# Bending of space vs. bending of a body - which is larger, and by what factor?

This is not homework, but is a problem I am asking myself.

A long rod with known elastic material properties floats in flat space - suspended and kept in place by a number of massless ropes.

Now we apply a static gravitational field and we wait long enough so that everything in the situation becomes static again. (Thus we disregard transient effects)

(1) Is there a simple way to quantify how the bending of the rod and the bending of the space at the same position are related? Is the bending of the rod always larger?

I'll give this a try. Feel free to butt-in!

Note that the rod is embedded within space. The bending of the rod is due to space itself being bent, hence the rod experiences no mechanical stress. As such, the degree of the rod bending has nothing to do with its elastic properties. Bending of space does not induce mechanical stress.

I'd venture to say that, to quantify the bending of the rod is to quantify the bending of space and vice versa. I can't see that matter have some inertia-like property against bending in space, thus the bending is direct in the sense that; the rod is bent to the same degree as space is and vice versa.

• Tides show that the bending of bodies is usually much larger than the bending of space. They are never equal. Feb 21, 2015 at 4:24

Is there a way to quantify how the bending of the rod and the bending of the space at the same position are related?

There is a way to quantify how the deviation of spacetime from being "flat" (in the region containing the given rod) and the deviation of the (eventual, static) "shape" of the rod constituents with respect to each other, which is (eventually) attained or approached if not all constituents of the rod are individually rigidly supported by some external means:

It is (apparently) called the "(static) material properties" of that rod.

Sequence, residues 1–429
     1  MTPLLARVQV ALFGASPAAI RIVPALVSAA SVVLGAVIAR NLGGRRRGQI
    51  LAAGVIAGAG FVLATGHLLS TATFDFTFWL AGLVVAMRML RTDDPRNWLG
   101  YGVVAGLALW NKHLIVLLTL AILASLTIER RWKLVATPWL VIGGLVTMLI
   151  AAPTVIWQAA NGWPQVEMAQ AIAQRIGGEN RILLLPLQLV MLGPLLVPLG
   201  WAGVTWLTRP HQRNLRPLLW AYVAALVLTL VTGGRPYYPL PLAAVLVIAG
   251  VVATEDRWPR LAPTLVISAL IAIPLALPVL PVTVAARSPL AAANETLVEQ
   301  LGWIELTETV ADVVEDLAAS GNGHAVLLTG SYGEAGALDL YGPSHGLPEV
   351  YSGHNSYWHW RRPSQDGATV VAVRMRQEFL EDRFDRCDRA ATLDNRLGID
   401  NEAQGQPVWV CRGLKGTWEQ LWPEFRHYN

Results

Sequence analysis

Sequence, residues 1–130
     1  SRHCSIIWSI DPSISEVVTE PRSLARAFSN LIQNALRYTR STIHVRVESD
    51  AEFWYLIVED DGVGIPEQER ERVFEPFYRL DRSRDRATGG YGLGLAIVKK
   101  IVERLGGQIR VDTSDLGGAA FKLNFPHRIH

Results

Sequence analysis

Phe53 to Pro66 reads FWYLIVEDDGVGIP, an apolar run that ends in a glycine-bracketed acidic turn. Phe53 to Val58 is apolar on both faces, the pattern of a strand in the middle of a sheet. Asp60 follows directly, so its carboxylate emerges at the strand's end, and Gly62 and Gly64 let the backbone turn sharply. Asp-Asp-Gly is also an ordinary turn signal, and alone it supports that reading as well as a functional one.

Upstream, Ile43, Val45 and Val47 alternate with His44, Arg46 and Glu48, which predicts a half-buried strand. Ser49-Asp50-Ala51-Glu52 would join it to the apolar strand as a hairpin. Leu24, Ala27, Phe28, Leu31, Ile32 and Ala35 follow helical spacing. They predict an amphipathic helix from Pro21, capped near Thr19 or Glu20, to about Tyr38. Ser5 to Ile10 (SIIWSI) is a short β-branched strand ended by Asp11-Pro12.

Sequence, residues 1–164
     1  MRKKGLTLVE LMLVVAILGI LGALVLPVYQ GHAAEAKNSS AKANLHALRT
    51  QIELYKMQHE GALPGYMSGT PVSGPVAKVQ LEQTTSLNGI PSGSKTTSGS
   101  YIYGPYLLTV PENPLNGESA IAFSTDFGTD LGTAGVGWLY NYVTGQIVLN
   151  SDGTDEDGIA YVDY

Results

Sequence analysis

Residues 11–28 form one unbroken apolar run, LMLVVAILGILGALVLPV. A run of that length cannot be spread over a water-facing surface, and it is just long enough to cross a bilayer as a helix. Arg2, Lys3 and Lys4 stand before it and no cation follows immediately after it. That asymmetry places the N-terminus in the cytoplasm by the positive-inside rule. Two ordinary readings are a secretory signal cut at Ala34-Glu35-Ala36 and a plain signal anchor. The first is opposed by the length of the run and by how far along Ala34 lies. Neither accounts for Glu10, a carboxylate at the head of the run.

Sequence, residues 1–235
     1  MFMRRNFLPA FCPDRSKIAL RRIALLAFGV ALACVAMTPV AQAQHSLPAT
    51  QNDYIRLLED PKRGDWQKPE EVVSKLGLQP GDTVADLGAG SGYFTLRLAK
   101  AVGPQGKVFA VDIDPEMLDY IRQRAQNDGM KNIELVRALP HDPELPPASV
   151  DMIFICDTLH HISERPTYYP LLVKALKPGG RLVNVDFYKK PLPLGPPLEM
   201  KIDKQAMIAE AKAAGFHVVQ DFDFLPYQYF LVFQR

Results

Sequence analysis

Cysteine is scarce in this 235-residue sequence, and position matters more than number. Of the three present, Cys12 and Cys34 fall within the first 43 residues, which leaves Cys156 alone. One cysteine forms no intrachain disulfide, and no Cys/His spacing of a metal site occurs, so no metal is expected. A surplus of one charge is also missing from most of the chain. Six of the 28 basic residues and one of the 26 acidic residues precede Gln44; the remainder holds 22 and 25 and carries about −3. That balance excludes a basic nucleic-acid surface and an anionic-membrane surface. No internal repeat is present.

• This does not answer the question, does it? Feb 22, 2015 at 10:25
• Hans973: "This does not answer the question, does it?" -- Correct. My response is meant to reject your OP question, as not properly and in good conscience answerable; and to sketch how to ask such a question instead, in the given context (namely: "Is there a way to quantify material properties?"). Hope this helps. Feb 22, 2015 at 11:47
• Bending of rods can be quantified with geometric quantities and is done so since hundreds of years. Bending of space can be quantified with general relativity, which is 100 years old. The question asks about a simple way to determine the ratio of the two. If a rod is not ok, take a plate, or a ring, or whatever else you like. Feb 23, 2015 at 12:37
• Hans973: "Bending of rods can be quantified with geometric quantities" -- Well, certainly the shape of some "bunch of (distinct, identifiable) constituents" is a geometric property (of that "bunch") to be quantified. -- "done so since hundreds of years." -- More or less, sure. "Bending of space can be quantified with GR, which is 100 years old." -- "Bending of spacetime", right. "The question asks about a simple way to determine the ratio of the two." -- This is trivial: just take that ratio; trial by trial. However, the Orig.Post instead presumed this ratio outright. Feb 23, 2015 at 18:59